11 July 2009

Not My Frivolous Usual

It's been a lovely relaxing day. Other than a trip to the yard for cats to nibble grass and barf it up, I've not left the house. Lovely, lovely, lovely. I really could be a hermit, you know. During the summer, it's nothing for me to go all week without opening the door.

Yesterday, was busier, though, and Thursday. . . Well, Thursday I felt like I was caught in a tsunami.

My great-aunt, a very special lady who has always treated me with great love and affection and has shown my husband the same, died Tuesday afternoon. She was an octogenarian, had lung cancer, and had chosen not to pursue treatments. We saw her in May, then again in about four weeks later, and it was obvious that she was starting to fail. It was also obvious that she was ready for death in a way that I have never witnessed. Most people won't understand this, but that's okay. She was ready, willing, for death. I have never seen a person that did not have something holding them back. Not her. And not in a morbid, "I just want to die" way either. She was very cheerful, and happy to live, but also, just as happy to die. I wish I could explain it better. It was so beautiful.

I got to participate in this death of hers in a way that I didn't anticipate, and would not have agreed to, had I had a choice.

Three of her grandchildren have been gifted with singing voices, and without meaning to be vain, I have been given that same gift. Not an operatic voice, or even a pop star voice, but the voice of my foremothers: an Appalachian, folk, or even bluesy voice. It's generally perfect for a capella, and I remember singing for my grandfather's graveside funeral, when it carried just perfectly.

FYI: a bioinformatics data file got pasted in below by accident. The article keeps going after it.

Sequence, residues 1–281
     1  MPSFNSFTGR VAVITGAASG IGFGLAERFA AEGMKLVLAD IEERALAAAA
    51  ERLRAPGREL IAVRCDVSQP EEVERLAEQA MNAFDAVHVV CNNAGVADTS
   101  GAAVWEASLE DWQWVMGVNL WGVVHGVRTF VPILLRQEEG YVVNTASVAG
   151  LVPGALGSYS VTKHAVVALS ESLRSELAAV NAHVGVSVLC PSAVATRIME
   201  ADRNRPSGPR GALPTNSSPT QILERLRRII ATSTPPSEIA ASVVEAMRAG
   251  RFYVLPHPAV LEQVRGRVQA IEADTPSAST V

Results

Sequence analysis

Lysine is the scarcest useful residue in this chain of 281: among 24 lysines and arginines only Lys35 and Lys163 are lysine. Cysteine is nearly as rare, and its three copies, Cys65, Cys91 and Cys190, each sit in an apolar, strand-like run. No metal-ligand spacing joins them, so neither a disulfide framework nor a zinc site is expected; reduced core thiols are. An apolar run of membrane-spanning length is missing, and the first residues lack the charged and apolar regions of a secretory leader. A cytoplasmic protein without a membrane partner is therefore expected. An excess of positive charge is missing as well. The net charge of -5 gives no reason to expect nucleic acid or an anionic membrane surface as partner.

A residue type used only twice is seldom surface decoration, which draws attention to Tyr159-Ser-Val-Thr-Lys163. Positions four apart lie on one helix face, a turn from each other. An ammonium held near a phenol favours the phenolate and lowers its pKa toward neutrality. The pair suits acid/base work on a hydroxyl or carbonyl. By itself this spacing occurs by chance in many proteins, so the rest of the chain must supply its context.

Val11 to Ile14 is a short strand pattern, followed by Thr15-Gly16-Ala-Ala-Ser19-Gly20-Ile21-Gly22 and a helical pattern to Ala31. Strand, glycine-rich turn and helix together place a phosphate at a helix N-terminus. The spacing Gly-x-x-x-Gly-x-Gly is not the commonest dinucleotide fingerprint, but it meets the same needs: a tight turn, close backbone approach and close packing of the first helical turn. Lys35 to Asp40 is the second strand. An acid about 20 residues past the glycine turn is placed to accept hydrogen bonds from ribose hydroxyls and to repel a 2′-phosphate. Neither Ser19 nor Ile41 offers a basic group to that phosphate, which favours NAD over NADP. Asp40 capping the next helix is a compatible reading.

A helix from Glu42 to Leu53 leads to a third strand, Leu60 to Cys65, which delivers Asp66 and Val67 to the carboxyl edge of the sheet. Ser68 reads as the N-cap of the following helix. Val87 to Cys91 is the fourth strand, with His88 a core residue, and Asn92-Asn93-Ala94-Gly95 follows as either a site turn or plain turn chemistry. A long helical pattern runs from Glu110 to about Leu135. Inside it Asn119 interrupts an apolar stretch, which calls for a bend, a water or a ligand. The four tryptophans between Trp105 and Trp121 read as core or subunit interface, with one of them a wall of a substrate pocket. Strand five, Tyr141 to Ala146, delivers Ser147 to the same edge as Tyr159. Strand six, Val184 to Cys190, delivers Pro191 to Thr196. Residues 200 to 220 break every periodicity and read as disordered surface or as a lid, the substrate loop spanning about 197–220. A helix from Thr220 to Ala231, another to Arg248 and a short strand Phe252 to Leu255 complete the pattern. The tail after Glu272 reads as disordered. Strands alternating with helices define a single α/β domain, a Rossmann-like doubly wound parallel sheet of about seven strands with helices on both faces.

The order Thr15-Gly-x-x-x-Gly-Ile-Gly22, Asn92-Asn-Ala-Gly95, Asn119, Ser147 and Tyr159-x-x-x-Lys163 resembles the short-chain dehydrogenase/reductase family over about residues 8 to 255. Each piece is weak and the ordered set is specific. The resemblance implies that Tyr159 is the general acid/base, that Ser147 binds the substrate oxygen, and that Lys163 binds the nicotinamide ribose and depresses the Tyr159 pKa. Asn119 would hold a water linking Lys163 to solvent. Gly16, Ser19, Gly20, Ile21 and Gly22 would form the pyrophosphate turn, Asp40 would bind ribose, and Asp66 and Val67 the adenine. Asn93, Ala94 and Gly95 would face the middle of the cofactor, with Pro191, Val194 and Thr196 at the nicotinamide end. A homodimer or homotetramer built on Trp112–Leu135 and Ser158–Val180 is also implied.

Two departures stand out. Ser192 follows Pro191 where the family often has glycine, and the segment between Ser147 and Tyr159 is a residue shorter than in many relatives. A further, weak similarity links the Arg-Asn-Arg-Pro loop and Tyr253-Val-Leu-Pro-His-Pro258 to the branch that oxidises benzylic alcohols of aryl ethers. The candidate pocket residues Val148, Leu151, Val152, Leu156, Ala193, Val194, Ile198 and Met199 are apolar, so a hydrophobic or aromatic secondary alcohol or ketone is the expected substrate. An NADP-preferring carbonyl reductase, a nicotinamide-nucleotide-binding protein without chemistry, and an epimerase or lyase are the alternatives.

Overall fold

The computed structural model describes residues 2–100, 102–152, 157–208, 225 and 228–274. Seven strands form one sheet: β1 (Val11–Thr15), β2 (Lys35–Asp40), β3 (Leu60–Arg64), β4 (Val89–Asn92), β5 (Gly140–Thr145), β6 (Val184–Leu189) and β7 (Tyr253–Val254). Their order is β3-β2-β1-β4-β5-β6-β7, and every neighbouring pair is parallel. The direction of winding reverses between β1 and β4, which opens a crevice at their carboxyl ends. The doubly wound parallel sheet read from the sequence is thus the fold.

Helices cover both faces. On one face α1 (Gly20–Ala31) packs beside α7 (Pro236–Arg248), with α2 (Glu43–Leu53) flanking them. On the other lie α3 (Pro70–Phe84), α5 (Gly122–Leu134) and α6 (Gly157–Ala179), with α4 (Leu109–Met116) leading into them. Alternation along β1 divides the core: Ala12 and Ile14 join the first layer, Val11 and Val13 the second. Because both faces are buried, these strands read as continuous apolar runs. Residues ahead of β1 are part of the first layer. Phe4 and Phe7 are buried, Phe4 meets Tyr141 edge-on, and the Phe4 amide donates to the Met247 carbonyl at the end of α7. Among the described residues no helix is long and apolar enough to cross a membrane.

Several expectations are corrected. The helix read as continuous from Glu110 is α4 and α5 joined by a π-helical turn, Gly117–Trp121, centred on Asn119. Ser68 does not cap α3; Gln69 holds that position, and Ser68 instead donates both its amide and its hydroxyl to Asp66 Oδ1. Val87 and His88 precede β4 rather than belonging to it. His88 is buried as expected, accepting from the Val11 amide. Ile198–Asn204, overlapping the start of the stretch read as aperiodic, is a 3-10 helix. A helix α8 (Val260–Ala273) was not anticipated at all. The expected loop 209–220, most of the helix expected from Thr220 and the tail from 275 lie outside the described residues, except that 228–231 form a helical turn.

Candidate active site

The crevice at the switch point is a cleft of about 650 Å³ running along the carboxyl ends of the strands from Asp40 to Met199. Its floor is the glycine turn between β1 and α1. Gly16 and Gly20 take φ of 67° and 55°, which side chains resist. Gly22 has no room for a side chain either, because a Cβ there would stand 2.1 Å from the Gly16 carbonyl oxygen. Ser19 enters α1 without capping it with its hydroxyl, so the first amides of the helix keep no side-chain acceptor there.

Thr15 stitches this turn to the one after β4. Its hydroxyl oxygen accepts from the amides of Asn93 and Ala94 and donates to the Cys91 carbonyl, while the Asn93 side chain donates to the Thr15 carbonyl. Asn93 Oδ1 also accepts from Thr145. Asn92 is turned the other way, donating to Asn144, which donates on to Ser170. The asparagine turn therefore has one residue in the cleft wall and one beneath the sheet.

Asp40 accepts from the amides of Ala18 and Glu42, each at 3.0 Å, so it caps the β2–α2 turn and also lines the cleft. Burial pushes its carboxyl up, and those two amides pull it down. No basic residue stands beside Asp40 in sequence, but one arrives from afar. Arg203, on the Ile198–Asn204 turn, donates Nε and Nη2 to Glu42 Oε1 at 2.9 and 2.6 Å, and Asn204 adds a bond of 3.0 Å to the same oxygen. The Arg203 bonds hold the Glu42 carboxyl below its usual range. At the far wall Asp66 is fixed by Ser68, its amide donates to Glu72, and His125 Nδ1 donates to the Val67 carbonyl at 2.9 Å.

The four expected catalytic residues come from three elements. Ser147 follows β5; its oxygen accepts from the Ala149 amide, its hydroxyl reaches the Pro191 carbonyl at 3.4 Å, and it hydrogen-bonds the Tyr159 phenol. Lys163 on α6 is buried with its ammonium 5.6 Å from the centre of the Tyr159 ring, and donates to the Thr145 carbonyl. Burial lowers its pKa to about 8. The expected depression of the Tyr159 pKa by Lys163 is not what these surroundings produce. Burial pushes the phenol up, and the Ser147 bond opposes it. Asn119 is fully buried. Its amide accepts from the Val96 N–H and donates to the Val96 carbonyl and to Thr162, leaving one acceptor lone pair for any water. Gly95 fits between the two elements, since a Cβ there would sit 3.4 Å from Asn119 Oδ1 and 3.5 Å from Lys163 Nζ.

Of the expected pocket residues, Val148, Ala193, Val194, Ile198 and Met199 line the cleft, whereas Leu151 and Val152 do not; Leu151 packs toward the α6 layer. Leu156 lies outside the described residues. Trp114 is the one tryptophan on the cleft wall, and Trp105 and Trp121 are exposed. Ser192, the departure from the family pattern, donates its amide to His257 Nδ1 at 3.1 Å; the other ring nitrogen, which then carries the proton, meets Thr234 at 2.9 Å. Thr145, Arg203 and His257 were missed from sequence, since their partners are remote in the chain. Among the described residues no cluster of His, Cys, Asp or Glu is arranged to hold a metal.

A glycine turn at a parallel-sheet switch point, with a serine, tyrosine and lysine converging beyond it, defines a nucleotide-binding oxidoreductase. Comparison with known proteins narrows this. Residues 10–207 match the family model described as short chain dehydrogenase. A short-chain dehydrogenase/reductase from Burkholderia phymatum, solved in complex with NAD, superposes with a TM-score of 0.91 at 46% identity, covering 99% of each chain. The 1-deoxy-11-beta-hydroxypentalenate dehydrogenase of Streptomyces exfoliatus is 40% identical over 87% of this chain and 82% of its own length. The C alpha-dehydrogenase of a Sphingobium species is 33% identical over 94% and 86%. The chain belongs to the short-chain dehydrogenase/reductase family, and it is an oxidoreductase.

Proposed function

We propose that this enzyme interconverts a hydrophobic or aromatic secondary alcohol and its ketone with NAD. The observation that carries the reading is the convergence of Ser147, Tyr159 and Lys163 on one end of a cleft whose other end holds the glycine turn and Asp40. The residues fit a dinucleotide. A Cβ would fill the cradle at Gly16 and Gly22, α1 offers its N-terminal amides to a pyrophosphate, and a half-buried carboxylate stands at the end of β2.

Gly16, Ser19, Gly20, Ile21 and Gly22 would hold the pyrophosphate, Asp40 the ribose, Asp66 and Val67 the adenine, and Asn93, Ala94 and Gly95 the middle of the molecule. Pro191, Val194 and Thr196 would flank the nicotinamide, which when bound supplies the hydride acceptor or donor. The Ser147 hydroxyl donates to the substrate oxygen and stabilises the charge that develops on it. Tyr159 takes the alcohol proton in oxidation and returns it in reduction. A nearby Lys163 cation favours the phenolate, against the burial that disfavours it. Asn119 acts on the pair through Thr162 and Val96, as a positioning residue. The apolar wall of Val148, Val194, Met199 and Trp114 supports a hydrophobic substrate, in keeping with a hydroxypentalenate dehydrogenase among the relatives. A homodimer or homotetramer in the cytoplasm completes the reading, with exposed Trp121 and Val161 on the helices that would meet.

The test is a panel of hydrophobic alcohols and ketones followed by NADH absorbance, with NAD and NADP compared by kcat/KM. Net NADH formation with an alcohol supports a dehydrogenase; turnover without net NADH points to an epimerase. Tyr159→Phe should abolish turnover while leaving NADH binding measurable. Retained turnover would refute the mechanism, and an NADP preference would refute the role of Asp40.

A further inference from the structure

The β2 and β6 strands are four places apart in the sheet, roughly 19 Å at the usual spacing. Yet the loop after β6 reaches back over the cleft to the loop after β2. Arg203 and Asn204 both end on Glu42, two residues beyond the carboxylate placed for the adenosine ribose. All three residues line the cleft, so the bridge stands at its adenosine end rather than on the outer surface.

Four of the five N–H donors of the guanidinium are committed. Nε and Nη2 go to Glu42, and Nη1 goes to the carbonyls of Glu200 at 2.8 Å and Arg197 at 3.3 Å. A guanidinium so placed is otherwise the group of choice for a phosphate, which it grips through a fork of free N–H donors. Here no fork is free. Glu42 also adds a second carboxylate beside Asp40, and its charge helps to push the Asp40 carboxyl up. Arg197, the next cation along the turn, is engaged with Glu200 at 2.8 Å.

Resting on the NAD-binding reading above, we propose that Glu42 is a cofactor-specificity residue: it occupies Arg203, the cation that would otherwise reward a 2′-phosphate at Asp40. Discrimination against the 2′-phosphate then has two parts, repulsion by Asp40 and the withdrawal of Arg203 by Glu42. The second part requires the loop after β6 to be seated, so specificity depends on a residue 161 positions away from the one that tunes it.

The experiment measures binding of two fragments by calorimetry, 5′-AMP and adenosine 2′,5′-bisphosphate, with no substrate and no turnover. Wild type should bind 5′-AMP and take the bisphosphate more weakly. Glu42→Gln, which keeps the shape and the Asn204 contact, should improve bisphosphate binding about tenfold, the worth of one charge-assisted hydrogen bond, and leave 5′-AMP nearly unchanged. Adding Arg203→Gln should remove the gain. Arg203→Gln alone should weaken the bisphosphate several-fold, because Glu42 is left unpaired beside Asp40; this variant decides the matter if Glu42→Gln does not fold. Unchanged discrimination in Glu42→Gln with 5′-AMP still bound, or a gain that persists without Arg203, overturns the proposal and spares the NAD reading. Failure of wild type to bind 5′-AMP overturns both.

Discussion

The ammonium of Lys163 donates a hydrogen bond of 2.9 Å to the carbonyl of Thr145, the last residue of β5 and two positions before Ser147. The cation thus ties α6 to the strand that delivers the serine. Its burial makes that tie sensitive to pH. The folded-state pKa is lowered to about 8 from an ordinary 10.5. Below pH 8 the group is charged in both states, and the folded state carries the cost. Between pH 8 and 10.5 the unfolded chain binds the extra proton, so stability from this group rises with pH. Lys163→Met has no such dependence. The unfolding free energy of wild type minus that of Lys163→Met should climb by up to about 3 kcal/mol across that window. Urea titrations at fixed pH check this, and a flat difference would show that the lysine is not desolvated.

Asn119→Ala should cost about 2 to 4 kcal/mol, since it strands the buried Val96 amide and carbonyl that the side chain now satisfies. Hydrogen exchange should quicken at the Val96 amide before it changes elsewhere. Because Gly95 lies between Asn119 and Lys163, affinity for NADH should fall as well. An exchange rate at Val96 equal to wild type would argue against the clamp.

I don't like to sing in public, though. Anxiety hits like you wouldn't believe and I'd rather just sing for Stoney and the cats and myself.

On the way to Althea's birthday gathering in June, I knew in my soul, my spirit, my inner most being, that I was to sing "Swing Home, Sweet Chariot" for her. No way, was my reaction. Not gonna do it. That is morbid.

If you don't know the words, it contains a reference to getting to heaven before me. . . much better for a funeral. Much better to not sing it at all, was my thought. And fought with that other part of me the whole 1 1/2 drive over that. Never mentioned it to Stoney. Too personal and besides, I was not going to do it.

She asked her grandson to sing, which he did marvelously. And I knew. I had to give her that gift, that song, or die.

I stood up, in front of twenty or so close and distant family members and told her how I'd been fighting it, but that I needed to sing her this song. I cried. I sang. Her daughters smiled and cried. She beamed at me, through the whole thing. Yes, I'll get there before you, her eyes said, and I can't wait.

I didn't want to be a part of that, but I was, and I was blessed as a result.

Her passing was quick; she was actually ill for only a week or so and then her heart just stopped. It was the most beautiful death I've ever encountered--and I generally find death ugly, and mean, and unfair. She set a new standard that I doubt I'll ever see again.

So, Thursday night, Stoney and I made a quick trip up to the funeral home. He was unable to get off work for the funeral on Friday, but we wanted to show support to her family, who are so good to us.

I've got stuff to tell about our yummy meal afterward, complete with pics, but it seems to frivolous, so I'll save it for later.


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